In the end, with my residual counter-aggression excised onto the Internet, my Friday was salvaged by a shower, a change of clothes, and dinner at a nice Indian restaurant name of Saffron Tree secreted away in Toronto’s otherwise uncharming hospital/university district. So far the portions here seem pretty much the same as what they serve in Denmark, but the food prices are consistently low, even despite the unfortunate exchange rate which means I’m paying a lot more for everything I buy here than I would have if I’d visited a year or two ago.
Saturday was set aside for Gelo. I’d quite forgotten, but Gelo reminded me that we met during my stint as a conscientious objector at Greenpeace, which by my reckoning was some time in 2005, which means I’ve known Gelo for 5 years and never met him in person – such is the way of the Internet, and of course this re(?)union will already be outdone when I visit Lawrence on the 26th, who I have known and worked with for 8 years without meeting him.
I was quite impressed and grateful that Gelo could find the time and endurance to make the 8 hour drive from New York City to Toronto, a drive which my mind was slightly boggled to realise took as long as my trans-atlantic flight from Denmark. Gelo had brought his brother and sister-in-law to make the drive more palatable, and we started out by having lunch together at a nice Vietnamese place where most of our dishes regrettably tasted of nothing at all. Whatever, we were there for the company anyway.
While the others went to visit the CN Tower, I had tickets for Gelo and myself to see the newly premiered Inception in an IMAX theatre. We have only one such theatre in Copenhagen, and its mandate seems to restrict it to showing nature documentaries, as it’s the centrepiece of some sort of science museum. Inception was my first IMAX feature film, and it didn’t let me down.
Aside from the obviously spectacular visual effects that most of the reviews seem to focus on, I was most impressed by how well the film explored its central conceit of shared lucid dreaming – it incorporated so many intriguing concepts and aspects of this imaginary technology without ever making it feel contrived. I was pleased to find that they’d wrapped all these ideas into a traditional heist movie, which made the film’s structure very easy to grasp and allowed the audience to focus on the mind-boggling traits of the themes it dealt with.
Whether the IMAX format itself did much for the experience, I can’t say – as I also experienced with 3D, once you’re engrossed in the film itself, it makes no real difference if you’re watching it on a 17″ computer monitor or a wrap-around IMAX dome with full surround sound. I do wonder though if this may not in fact have been the first IMAX theatre in the world, considering that the format was invented in Canada and that the film was preceded by a 4 minute self-aggrandising laser show not unlike listening to a really self-absorbed person going on and on about how great his computer is, even though it’s actually several years old and your own is a bit better (the IMAX theatre in Copenhagen, for all the limitations of its repertoire, is an actual wrap-around dome, unlike the one we went to in Toronto).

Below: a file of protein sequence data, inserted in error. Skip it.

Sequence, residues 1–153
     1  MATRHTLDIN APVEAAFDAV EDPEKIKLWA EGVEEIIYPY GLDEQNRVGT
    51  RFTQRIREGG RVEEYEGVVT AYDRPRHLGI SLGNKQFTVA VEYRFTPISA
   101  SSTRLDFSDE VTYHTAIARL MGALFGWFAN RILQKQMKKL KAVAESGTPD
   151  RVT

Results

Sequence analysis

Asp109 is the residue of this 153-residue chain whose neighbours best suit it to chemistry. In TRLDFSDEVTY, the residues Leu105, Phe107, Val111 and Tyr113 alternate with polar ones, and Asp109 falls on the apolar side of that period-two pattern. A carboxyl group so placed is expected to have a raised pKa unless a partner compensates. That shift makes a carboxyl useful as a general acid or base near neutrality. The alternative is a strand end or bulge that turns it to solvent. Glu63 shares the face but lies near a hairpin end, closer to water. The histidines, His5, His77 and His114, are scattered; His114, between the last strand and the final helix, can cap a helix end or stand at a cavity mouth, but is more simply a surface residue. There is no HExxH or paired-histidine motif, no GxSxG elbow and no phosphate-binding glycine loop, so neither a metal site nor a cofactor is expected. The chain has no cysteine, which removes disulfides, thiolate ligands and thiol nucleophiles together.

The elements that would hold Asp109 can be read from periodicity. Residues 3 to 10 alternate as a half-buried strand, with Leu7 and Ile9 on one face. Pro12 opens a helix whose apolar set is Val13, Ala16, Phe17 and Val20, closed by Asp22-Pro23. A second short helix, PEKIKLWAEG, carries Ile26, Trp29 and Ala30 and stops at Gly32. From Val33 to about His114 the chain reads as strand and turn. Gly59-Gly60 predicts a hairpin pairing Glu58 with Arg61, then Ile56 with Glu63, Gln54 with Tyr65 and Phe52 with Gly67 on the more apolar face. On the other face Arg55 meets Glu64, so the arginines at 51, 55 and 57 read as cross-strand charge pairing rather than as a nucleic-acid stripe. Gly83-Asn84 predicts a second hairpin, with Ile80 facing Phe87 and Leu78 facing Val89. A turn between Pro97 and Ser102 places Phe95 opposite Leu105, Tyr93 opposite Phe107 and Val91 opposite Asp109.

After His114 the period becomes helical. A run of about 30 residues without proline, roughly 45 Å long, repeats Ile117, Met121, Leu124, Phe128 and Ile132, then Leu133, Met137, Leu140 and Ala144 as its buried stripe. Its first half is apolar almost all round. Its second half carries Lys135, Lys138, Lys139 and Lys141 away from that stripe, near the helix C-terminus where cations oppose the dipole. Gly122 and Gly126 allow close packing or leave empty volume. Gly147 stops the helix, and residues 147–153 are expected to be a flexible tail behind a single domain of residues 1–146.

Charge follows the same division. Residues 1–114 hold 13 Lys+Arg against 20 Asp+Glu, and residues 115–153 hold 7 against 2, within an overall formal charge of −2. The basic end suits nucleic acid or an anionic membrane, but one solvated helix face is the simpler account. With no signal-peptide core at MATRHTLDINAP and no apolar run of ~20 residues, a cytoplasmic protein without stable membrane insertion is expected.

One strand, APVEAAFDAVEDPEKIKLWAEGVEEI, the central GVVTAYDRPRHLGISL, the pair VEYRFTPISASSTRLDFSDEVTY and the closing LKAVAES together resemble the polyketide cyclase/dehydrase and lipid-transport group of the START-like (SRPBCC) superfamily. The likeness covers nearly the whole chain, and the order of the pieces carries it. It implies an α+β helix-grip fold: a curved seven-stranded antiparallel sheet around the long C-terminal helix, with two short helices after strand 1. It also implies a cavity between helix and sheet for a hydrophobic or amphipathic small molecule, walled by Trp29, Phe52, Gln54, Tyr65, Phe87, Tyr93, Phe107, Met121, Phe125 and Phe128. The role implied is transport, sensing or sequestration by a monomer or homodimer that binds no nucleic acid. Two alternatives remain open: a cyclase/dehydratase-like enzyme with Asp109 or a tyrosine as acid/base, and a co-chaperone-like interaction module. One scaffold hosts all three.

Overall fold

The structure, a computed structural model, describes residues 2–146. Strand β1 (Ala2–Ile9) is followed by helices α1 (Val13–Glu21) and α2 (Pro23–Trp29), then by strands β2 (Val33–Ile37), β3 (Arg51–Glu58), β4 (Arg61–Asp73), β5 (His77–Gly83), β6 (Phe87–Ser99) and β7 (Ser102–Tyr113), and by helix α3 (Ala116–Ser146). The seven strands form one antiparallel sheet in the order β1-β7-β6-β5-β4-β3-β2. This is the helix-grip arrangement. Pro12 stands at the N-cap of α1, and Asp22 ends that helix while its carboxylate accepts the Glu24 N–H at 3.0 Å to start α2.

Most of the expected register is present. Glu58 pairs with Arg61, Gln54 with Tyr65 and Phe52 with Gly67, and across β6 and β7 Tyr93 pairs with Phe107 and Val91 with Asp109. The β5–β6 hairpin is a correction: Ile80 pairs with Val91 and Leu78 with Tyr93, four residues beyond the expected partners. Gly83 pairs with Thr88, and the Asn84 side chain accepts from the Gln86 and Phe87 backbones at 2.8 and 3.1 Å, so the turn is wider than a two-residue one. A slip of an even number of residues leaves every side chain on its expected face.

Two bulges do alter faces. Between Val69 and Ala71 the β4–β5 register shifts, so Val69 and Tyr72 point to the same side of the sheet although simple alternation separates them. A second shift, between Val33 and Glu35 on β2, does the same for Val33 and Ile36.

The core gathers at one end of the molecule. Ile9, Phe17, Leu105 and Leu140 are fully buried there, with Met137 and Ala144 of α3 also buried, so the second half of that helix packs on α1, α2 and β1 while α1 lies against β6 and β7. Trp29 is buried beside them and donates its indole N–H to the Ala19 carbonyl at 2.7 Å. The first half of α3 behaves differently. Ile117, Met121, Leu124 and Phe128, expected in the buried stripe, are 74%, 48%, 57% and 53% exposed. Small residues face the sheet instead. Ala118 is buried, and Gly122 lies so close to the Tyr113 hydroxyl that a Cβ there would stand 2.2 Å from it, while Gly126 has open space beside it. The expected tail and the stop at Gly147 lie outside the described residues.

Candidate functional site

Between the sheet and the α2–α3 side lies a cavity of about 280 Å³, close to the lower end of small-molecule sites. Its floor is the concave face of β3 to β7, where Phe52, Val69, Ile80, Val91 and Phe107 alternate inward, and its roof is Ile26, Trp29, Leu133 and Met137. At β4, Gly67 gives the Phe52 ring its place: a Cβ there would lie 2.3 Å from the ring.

After the film, we met up with Gelo’s brother and sister-in-law once more for dinner (at the Saffron Tree, where I knew from the night before their food had taste) and then hastily parted ways as they wanted to get back across the border before the sun was down.
Today has been pretty relaxed; I have mostly spent it sampling the various benches along the harbourfront with a milkshake or a juice and a good book for company. I borrowed a great and very quirky fantasy book name of The War of the Flowers from my mom’s bookshelves before I left, written by Tad Williams and in some ways quite reminiscent of Planescape: Torment, not least in its roisterous subversion of cliches so old and dusty you barely recognise them as such until they’re turned around and used to ambush your preconceptions. It’s a good 800 pages long, and I had planned for it to last me all three weeks, but somehow I’ve ended up chewing through it and have almost finished it already.
I did find the time to visit the CN Tower (Canadian National Tower, as it’s apparently named in full, after the railway company) today, which Gelo’s tight schedule and my inconsiderate cinema arrangements didn’t leave room for yesterday. It’s… tall. I’m not sure what else there is to say about it, but I shall try to come up with something a little more interesting. I was very apprehensive about paying nearly $25 for an elevator ride (albeit a long one), but once I’d coughed up the dough, I was pleased to find a very small museum of sorts inside, along with a shopping gallery I had no reason to visit. Combined with the museum, the outrageousness of the whole experience was just about worth the money. The view from the observation area was stunning, prompting me to take a whole day’s allowance of photos in all of about 10 minutes, and their infamous glass floor that puts you on a window looking 370-something meters straight down was hard to stand on for too long at a time without getting a bit nervous. Even that overpriced elevator ride was an experience in itself, ascending nearly 400 meters in just 58 seconds, which I think is more or less what it takes the elevator in my hostel to get up to my room on the 19th floor.
I even found the time to launder my clothes so I don’t have to go naked for at least another week. Now you must excuse me as I have to get back to my room and pack my stuff for the trip to Peterborough tomorrow. I’m not sure what the computer/Internet conditions will be like there, so you may hear less from me for this part of the trip.